3 Auschwitz thieves are no-shows at Polish prison
WARSAW, Poland – WARSAW, Poland (AP) — The three men found guilty last month of secondary roles in the theft of the notorious Auschwitz sign failed to show up to prison this week when they were supposed to start their sentences, a judge said Wednesday.
The three, two of whom are brothers, were to have appeared at a prison in the Polish city of Wloclawek on Tuesday but didn't. Now police will try to track them down and detain them, said Rafal Lisak, a judge at a Krakow court that convicted the men in March.
Lisak indicated that judicial authorities were not expecting the no-shows.
"There were no fears that they would hide or obstruct matters in any other way," Lisak told The Associated Press.
Five Poles and a Swede have been charged with involvement in stealing the sign with the cynical slogan "Arbeit Macht Frei" — or "Work Sets You Free — from the site of the former death camp in December.
The three who were to have started prison terms this week made plea bargains with the court, confessing to their involvement in return for more lenient sentences. They were given sentences ranging from 18 months to 2 1/2 years.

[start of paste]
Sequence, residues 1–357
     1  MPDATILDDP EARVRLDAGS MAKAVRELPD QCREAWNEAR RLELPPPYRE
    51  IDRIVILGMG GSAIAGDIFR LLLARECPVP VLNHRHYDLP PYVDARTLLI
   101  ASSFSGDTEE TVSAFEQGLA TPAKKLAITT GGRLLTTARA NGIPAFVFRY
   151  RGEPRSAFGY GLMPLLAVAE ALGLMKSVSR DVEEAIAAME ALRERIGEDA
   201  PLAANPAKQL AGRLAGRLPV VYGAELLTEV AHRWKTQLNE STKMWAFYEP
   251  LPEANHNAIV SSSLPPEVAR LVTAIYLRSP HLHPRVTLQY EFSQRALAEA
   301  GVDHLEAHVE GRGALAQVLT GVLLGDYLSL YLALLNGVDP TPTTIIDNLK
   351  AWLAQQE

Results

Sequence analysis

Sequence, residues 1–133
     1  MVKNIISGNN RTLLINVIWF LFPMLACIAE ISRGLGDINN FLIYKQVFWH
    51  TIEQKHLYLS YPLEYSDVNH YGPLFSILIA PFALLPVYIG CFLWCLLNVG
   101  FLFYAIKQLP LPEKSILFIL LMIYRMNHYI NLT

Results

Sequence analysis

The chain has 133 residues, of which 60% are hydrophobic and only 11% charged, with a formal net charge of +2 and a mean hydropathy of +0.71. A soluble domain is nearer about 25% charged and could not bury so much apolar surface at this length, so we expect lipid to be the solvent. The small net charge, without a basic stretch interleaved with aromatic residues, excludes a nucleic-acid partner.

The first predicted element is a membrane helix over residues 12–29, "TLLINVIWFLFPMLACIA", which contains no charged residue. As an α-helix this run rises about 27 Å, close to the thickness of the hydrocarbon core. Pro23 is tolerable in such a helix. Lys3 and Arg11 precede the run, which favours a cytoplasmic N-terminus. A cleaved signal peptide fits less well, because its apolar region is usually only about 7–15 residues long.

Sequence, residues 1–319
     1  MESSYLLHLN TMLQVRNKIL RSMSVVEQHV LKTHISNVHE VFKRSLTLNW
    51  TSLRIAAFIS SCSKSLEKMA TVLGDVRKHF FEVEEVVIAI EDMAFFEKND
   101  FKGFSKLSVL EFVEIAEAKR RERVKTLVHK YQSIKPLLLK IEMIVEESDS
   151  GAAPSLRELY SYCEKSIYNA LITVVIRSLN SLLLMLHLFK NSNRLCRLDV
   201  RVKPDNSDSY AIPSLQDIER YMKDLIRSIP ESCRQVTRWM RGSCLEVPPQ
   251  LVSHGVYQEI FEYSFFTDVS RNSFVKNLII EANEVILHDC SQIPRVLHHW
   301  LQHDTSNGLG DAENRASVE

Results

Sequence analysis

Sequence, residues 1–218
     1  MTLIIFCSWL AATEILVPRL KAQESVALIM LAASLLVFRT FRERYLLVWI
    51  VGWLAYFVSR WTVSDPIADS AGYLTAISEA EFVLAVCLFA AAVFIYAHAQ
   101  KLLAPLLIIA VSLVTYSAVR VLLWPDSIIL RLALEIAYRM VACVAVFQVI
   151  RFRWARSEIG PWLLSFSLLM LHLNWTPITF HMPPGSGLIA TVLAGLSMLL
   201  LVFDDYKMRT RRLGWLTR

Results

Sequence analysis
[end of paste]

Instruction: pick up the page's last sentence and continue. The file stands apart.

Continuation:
Lisak says it is normal procedure for those with sentences shorter than three years to be released from custody before their prison terms.
The court has identified the three only as Radoslaw M. and Lukasz M., the brothers, and Pawel S., in keeping with Polish privacy laws. Their settlements were made behind closed doors, and details of their precise roles in the heist haven't been released.
The two other Poles as well as the Swede, Anders Hogstrom, a former neo-Nazi leader suspected masterminding the theft, have not yet had their cases go to court.
The theft occurred in the night between Dec. 17 and Dec. 18, a brazen heist that shocked Holocaust survivors and many others committed to preserving the Auschwitz-Birkenau site and the memory of the atrocities that Nazis committed there.
Police tracked down sign less than three days after it was stolen, finding it cut into three pieces in a forest.
Between 1940 and 1945 more than 1 million people, mostly Jews, were killed in the gas chambers of Auschwitz-Birkenau or died of starvation or disease while forced to perform hard physical labor at the camp, which Nazi Germany set up on occupied Polish soil.